A display of the Ten Commandments at an eastern Kentucky courthouse does not violate the Constitution, but a lawsuit challenging a similar display in another county can proceed, a federal judge has ruled.
The Ten Commandments display at the Rowan County Fiscal Court, part of an exhibit on the foundations of American law and government, “does not have the effect of endorsing religion,” U.S. District Judge Karl Forester said in a ruling released Wednesday.
Earlier this month, Forester refused to dismiss a similar suit in Garrard County, saying that “a reasonable person would conclude that the county’s display has the effect of endorsing religion.” The ruling allows that case to proceed. He said the history of the display there offered evidence suggesting “that the officially stated purpose ... is a sham” to disguise religious intent.
The American Civil Liberties Union sued Rowan County in 2001, and its Ten Commandments display was replaced by one that also includes the Declaration of Independence, the Magna Carta, the Bill of Rights and other items on law and government.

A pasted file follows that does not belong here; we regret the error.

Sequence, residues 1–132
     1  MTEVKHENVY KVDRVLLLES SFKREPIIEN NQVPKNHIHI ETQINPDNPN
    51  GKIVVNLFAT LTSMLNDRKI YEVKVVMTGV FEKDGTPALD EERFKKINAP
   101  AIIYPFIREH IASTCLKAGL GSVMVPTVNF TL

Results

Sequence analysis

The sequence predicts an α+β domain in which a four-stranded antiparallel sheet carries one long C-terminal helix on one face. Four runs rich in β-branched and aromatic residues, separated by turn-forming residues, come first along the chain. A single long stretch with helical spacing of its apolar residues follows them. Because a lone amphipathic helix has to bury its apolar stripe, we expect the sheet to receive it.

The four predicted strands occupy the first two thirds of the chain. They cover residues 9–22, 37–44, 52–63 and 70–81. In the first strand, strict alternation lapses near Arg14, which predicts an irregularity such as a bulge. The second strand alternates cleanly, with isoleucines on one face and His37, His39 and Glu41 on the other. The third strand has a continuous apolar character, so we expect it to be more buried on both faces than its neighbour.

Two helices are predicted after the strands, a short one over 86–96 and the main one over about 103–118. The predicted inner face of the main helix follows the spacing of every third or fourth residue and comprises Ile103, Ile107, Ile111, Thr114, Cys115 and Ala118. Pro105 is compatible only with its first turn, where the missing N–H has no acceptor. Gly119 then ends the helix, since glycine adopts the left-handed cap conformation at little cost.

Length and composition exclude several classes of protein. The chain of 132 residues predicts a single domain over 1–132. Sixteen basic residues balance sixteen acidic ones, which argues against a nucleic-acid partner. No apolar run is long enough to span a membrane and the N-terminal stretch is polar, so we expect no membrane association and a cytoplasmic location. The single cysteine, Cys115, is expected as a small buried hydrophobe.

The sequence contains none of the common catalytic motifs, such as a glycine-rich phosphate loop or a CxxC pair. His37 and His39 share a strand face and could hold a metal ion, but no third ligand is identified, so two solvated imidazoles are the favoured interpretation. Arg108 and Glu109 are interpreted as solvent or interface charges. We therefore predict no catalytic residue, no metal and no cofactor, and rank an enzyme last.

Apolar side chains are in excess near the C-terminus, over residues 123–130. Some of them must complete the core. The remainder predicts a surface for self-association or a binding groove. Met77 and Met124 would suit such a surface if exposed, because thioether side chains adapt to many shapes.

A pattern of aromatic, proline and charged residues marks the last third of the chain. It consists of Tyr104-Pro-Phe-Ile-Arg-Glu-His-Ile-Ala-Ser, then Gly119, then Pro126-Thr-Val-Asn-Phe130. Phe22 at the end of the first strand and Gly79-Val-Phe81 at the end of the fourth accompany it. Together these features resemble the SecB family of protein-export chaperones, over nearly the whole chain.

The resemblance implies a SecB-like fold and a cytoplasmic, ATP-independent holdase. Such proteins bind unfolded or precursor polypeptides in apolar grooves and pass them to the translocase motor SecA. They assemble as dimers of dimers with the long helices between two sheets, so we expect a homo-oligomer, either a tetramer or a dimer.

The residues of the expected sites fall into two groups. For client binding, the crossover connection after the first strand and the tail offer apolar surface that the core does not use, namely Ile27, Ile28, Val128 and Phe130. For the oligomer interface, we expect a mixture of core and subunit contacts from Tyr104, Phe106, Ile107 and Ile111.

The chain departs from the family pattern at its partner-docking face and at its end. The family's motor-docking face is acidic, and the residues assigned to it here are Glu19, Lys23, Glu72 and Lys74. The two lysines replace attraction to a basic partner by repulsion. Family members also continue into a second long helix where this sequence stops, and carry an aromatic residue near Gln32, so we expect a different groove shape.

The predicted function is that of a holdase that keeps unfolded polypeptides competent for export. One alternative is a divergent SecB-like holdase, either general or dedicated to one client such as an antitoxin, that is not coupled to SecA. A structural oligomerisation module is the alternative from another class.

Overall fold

The U.S. Supreme Court ruled in 2005 that Ten Commandments displays on government property must be evaluated on a case-by-case basis. Among factors making the displays constitutional, the court said, is if their main purpose was to honor the nation’s legal, rather than religious, traditions.
Mathew Staver, founder of Liberty Counsel, a conservative legal defense organization, called Forester’s Wednesday ruling part of a trend.
“The tide is turning against the ACLU’s war on the Ten Commandments,” Staver said in a statement.
David Friedman, general counsel for ACLU of Kentucky, said county officials’ real goal is to display the Ten Commandments, but it was difficult to prove that a religious display is “what they really care about.”
The Supreme Court’s ruling had struck down the display of the commandments in two Kentucky courthouses but upheld a granite monument near the Texas Capitol.